Source : Jakarta Globe – January 25, 2012
By Ronna Nirmala
Developing primate conservation projects, particularly for great apes, can contribute toward the long-term health of forests and to carbon sequestration schemes, scientists contend.
Ian Redmond, a tropical field biologist and conservationist, said primates and other fruit-eating animals were crucial to forests because of their role in seed dispersal.
“Fruit-eating animals have been long known to play a very important role in the life cycle of tropical forests, with between 75 to 95 percent of tree species having their seeds dispersed by such animals,” he said.
But that key role, he warned, is in jeopardy because of human activity.
“I feel that we have to turn that around. I know that the only populations of great apes that are known to be increasing are the two tiny populations of mountain gorillas who got down to fewer than 300 each,” Redmond said.
“Other gorillas, chimpanzees, bonobos, orangutans, gibbons are all declining.”
He is pushing for efforts to save the animals to be included in schemes to reduce carbon emissions through deforestation and forest degradation, known as REDD Plus. That way, he says, money for these projects can also go toward primate conservation schemes.
“Conservation is not an optional extra that you might add on if it’s convenient,” Redmond said.
“It’s integral [to REDD Plus]. If you want to have permanence in your forest carbon store, you need the animals as well as the plants.”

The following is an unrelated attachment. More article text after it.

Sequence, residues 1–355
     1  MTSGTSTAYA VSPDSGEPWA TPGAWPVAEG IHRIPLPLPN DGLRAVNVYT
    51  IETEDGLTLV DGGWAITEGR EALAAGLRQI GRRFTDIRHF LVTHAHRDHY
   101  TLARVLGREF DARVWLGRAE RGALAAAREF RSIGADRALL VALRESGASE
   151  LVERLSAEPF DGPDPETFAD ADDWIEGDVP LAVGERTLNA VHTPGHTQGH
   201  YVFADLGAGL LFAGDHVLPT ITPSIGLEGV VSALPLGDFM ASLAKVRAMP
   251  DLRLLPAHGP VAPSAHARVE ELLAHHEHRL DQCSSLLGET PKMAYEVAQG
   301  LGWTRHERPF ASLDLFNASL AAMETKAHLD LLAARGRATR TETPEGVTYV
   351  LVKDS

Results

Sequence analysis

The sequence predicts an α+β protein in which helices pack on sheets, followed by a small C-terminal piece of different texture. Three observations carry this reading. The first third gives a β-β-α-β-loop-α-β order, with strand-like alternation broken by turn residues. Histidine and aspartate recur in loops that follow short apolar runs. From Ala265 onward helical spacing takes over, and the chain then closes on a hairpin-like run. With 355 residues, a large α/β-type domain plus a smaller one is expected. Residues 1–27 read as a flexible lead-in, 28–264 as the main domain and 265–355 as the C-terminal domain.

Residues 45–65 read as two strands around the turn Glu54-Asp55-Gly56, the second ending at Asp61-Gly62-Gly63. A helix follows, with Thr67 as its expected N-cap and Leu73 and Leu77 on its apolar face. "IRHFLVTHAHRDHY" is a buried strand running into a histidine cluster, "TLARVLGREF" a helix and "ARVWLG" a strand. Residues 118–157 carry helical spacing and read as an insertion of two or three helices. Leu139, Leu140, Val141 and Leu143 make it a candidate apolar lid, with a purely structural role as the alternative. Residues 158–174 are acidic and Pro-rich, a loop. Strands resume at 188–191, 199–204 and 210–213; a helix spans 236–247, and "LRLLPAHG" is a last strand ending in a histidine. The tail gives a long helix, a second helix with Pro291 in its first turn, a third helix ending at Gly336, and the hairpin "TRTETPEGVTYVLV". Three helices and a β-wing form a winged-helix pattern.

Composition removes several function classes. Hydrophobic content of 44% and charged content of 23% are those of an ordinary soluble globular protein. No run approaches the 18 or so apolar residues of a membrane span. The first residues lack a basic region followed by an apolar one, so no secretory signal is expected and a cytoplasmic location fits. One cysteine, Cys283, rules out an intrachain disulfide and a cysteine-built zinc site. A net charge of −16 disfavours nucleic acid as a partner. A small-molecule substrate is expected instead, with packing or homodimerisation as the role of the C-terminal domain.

He said Indonesia was one of the countries that was best placed to push these efforts because it was home to the endangered orangutan, the only great ape species in Asia.
Others species such as chimpanzees, gorillas and bonobos are only found in Africa.
“The hope is that there will be a realization that forests are not just an ornamental part of our planet, but that they are integral to the function of our biosphere and future survival,” Redmond said. ”
Laura D’Arcy, the Zoological Society of London’s co-country coordinator in Indonesia, said these efforts could start with preserving peat forests for their high carbon content.
“This would benefit orangutans who prefer these habitats compared to tropical forests on mineral soil, because the high water level in peatlands allows flowers and fruit to be available all year long for orangutans,” she said.
Eleven of 17 active REDD projects being carried out in Indonesia are in peat swamp forests. D’Arcy said this was a “win-win” situation for apes and humans alike because of the high value of carbon that could be offset for emissions caused by the conversion of forests to palm oil plantations elsewhere.
“Peat swamp forests have low-yield production of palm oil, reducing the cost of carbon emissions required in areas with high density,” she said.
“But that’s bad news for more high-yield, mineral soils, which are more biodiverse than peat forests.”